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A function is continuous at the point
a if the values of
f(x) approach
as x approaches a. Read the definition of continuity below, and try the interactive demonstration of the principles of continuity here:
Interactive demonstration

It's important that a belongs to D. Otherwise
f(a) might not exist.

It would make sense to say that f is continuous at a
provided f(x) goes to f(a) as x goes to
a. There is a tricky obstacle to this, which has to be
examined in a little detail:

Continuity is defined for a being a member of D

The limit of f(x) is defined for x being a
limit point of D.
Now a might belong to D, yet not be a limit point of
D. In this case, a is called an isolated point.
For the record:
Example:
The point 2 is an isolated point of D.
Factoid:

If a is an isolated point of D then there is a
positive d such that a is the only element of
D in (ad, a+d)

It follows that if a is an isolated point of D
then every function is continuous at a, because, if we choose
d small enough then the only point of D that satisfies
the condition xa< d is a itself (and the
condition f(x)f(a)< e is always satisfied when x=a)

On the other hand, if a is a limit point, then
f(x) is continuous at a if and only if f(x)
converges to f(a) as x goes to a.
We can summarize all this in the following rule:
Factoid:
The following criterion is one of the most useful ways of showing a
function is continuous at a point. Note that it holds irrespective of
whether a is a limit point or not.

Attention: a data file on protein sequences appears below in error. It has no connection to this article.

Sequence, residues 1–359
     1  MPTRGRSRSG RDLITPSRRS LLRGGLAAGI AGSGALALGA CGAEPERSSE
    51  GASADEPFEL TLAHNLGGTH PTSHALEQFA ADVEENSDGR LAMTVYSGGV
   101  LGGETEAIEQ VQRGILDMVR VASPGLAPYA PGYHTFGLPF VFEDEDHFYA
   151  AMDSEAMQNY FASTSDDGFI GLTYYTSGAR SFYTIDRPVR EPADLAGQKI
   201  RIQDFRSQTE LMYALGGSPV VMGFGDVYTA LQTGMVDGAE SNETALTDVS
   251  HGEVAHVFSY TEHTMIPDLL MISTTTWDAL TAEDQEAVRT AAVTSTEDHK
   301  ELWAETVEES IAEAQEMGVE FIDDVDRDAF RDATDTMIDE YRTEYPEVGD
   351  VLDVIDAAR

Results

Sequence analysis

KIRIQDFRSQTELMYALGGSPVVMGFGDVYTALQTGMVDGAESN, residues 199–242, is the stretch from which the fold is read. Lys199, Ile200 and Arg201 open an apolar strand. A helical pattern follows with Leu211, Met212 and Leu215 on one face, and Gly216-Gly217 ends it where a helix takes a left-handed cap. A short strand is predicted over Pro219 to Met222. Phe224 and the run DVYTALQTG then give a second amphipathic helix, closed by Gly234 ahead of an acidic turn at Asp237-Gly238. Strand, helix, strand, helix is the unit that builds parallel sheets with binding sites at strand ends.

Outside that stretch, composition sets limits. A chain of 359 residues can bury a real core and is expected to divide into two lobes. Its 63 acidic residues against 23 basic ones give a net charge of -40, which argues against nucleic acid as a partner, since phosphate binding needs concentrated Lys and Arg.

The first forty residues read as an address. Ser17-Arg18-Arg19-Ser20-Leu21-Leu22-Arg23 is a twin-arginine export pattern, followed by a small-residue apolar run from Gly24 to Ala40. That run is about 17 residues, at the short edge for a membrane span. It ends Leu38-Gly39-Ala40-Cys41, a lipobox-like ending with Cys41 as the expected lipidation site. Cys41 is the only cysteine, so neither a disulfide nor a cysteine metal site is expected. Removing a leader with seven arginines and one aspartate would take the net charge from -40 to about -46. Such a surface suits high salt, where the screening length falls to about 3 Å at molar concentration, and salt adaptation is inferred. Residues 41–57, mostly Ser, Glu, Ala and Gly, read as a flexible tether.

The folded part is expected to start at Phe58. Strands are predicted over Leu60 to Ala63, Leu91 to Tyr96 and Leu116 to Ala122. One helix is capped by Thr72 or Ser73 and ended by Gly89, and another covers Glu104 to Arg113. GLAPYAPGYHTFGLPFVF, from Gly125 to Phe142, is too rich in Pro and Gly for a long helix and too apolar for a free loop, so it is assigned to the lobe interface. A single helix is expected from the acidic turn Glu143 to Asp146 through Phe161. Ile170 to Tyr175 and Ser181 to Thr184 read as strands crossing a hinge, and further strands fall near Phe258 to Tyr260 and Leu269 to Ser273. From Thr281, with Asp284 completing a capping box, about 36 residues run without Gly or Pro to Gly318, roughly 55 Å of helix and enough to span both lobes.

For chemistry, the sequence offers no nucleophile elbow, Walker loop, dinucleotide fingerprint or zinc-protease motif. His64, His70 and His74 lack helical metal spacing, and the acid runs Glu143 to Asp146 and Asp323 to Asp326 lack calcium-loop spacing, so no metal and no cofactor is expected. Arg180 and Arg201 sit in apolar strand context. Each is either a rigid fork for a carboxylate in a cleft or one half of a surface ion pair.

So, in order to show a function is continuous, a standard approach is to
suppose that we are given an arbitrary sequence (x_n) converging to
a, and to show that f(x_n) converges to f(a).
The importance of this is that we have reduced continuity of functions
to convergence of sequences which is often easier to handle. Look out
for this approach in the examples and proofs that follow.
Example:
Every point of R is a limit point, so to prove continuity we must prove that P(y) converges to P(x) as y goes to x. But this follows immediately from
Theorem 4.1.
This last example serves to point out two useful facts:

Theorem 4.1 is perfectly poised to prove results about the arithmetic of continuous functions.

Many functions are continuous not just at one or two points, but at every point in their domain. Such functions are simply called continuous.
Our results about the arithmetic of continuous functions are:
Both of these are straightforward applications of Theorem 4.1.. In the case that the point under consideration is an isolated point then,
as we saw, all the functions in question are automatically continuous, so there is nothing to prove.
So far we are suffering from a serious lack of interesting functions to work with. In fact rational functions (quotients of two polynomials) are about as exciting as it has gotten up to this point!
Functions like sin(x) and cos(x) are still a long way ahead of us, but we are now in a position to make a little digression, and introduce the exponential functions. From this, we can then introduce the logarithmic functions in
Homework 6.
After this digression, we return to studying limits of functions, by focussing on an important special type of limits: the derivatives, and we study the differentiable functions.